Tarsier Studios came into being in the mid-aughts as Team Tarsier, a group that created excellent ports and adaptations of Sony games like Little Big Plane and Tearaway. Recently, however, they’ve rebranded and broken off, creating two of the most memorable games of last year.
Little Nightmares is a puzzle-platformer. Its style is reminiscent of some of the works of Tim Burton, a whimsical take on horror that is no less horrific for its whimsy. A young girl, named Six, is a prisoner on a vessel known as The Maw. She must escape, avoiding at all cost the attention of her captors, who are always very hungry.
Statik is the company’s first foray into virtual reality. The PlayStation VR exclusive sees players trapped in a strange testing facility, their hands trapped inside a puzzle box. While a blurry-faced scientist looks on, you have to use the buttons on the DualShock 4 controller to, sight unseen, turn knobs and push buttons in order to solve each riddle.
I had a chance to ask Dave Mervik, narrative designer on both titles, some questions about these new classic games, and about the future of Tarsier Studios.
You’ve worked closely with Sony in the past on adapting some of their titles to new platforms. How difficult was it to transition into developing your own original games?
When you look at something like LBP and Tearaway, Media Molecule established such a vivid and charming world, you can’t fail to understand what’s required of you as an artist, writer, designer, or whatever. So, while we still busted a gut to do justice to their creations, there was nonetheless a degree of comfort in having such a clear canvas to work upon. When we made the jump to making our own stuff, that all had to be created from scratch, so in that sense the pressure goes up somewhat, because we set the bar extremely high for ourselves, and putting a game out that was just “good enough” wasn’t really an option. All that said, this wasn’t an overnight decision, Tarsier was founded on the dream of making its own games, and that dream had bubbled away at the back of our minds ever since, so when the time was at last right, we weren’t short of material to delve into.
With Little Nightmares, you’ve created a terrifying yet somehow grotesquely charming world. What were your inspirations for the aesthetic?
That’s always such a tough question to answer! The style of Little Nightmares is the product of probably thousands of things – images, textures, moods, whatever struck the Creative Director as ‘fitting’ in some way – which have then been absorbed and processed and poured back out of our Artists again and again and again until they eventually became what you see now. That’s about as good an approximation as I can give you of how that sort of stuff happens. Of course, it’d be easier if we could just say something like Die Hard meets Das Boot meets Lord of the Flies but it just wouldn’t tell the full story. I do kinda wanna see that movie now though!
Now that the final DLC chapter of Secrets of the Maw is out and answers gamers’ questions (at least all of the important ones), do you think you’ll return to The Maw again? Or maybe a new location in the world of Little Nightmares?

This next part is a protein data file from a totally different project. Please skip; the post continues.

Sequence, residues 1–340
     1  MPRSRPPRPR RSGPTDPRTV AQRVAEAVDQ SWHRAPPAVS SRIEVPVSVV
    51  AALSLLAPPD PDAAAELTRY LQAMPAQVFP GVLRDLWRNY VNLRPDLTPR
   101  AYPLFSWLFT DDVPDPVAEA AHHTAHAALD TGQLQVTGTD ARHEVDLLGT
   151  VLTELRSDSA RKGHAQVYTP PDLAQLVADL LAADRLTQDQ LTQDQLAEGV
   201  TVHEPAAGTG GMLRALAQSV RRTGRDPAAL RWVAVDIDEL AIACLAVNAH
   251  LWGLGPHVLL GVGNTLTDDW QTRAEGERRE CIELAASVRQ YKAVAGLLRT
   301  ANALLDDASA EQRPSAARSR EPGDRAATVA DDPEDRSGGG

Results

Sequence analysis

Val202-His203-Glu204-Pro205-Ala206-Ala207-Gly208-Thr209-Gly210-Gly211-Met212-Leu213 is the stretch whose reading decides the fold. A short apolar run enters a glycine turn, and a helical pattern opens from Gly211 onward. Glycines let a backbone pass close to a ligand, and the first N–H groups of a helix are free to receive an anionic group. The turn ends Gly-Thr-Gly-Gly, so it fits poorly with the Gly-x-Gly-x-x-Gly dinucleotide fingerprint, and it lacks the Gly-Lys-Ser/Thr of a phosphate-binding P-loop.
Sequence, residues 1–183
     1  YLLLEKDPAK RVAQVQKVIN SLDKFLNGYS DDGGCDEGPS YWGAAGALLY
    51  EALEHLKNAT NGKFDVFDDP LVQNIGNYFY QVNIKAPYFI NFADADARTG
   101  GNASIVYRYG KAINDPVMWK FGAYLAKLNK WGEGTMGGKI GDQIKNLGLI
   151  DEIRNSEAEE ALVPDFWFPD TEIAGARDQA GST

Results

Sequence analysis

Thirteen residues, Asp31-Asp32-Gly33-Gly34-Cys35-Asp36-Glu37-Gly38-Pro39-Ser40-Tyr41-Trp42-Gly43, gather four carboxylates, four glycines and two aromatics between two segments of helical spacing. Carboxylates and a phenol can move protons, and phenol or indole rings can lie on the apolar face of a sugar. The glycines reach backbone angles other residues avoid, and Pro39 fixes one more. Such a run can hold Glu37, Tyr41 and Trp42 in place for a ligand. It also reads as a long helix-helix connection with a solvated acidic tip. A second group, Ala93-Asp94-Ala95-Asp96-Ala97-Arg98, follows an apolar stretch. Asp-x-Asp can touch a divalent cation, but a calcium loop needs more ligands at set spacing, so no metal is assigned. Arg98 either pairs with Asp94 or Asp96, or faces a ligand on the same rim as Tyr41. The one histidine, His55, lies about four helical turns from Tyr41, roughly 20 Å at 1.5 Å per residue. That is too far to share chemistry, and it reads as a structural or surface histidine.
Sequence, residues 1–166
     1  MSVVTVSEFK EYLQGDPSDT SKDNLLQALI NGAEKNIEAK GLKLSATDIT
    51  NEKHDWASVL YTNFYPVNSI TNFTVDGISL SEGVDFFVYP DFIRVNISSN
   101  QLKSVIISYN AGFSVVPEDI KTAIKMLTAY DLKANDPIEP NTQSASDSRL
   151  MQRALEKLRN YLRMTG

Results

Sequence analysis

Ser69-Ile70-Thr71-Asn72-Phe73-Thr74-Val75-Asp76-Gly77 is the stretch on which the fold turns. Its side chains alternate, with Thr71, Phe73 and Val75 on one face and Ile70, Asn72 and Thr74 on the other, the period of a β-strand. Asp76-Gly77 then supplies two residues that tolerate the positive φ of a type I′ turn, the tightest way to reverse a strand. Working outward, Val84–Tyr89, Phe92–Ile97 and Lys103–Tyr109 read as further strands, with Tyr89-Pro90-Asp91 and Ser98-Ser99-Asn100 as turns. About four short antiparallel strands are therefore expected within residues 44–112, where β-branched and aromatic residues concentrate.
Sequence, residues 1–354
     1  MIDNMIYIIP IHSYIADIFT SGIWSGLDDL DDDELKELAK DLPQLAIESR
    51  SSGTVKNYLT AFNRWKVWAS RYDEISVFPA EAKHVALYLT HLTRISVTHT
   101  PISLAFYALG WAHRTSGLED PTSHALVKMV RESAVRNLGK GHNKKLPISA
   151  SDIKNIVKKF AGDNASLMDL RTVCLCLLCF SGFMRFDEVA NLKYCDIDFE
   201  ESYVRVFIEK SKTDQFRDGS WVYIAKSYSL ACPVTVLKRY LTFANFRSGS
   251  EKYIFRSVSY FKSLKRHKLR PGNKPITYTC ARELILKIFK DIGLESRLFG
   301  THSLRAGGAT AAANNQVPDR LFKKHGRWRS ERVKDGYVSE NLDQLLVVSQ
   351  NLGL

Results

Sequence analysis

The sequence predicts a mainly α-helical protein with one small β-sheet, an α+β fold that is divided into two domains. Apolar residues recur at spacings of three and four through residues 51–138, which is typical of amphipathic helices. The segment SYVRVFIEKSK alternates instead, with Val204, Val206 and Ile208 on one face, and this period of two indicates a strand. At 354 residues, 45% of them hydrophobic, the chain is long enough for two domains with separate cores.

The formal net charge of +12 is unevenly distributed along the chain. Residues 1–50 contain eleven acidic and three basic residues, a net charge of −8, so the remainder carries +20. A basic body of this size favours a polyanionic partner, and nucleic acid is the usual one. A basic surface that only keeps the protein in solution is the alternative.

We don’t even know if we’ll return to Little Nightmares again, but if we did get that chance, maybe it might be more fun to see what else is out there :)
I was personally very surprised by Statik. It was among the first VR games that, for me, really opened my eyes to what made VR special. What was the origin of the idea? Did you start with the idea of a puzzle box and develop from there? Were you thinking specifically about the PlayStation 4 in terms of what it offered?
It all started when Andreas (our CEO) was messing about with the Dualshock 4 – twisting it, turning it, pressing all the buttons, and wondering what we could do with it – and that’s where the seed of the idea was born. While he can (and does!) take pride in coming up with the original idea, it wasn’t until our amazing designers got their hands on it that we saw just how special Statik could be.
Since Statik is so clearly designed to take advantage of the PS4’s DualShock controller, I imagine porting the game to other VR platforms would be tricky. Is that in the cards, or will this remain a PSVR exclusive?
As you say, it would certainly be tricky, but Statik is something we’re immensely proud of and we’d dearly love for more people to try it out. So, while I wouldn’t say it’s exactly ‘in the cards’, it’s certainly something we discuss.
I hope you have plans for more VR titles, because you’ve knocked this first one out of the park. I’ll admit I gush to anyone who expresses a passing interest in VR that they need to try this game. Is there anything you can tell us about your future VR plans?
That’s so cool to hear! I think it’s fair to say that the Statik hype train is still very much chugging its way out of the station, so the more gushing we can get the better. I personally find VR incredibly exciting and having played Electronauts at GDC last week, I’m convinced it has a great deal more to give. While I can’t say that we have anything firm in mind for future VR projects, if the right idea came along, I’m sure we’d jump on it. As ever, though, the idea has to come first; it’s the only way to make sure you’re doing something for the right reasons.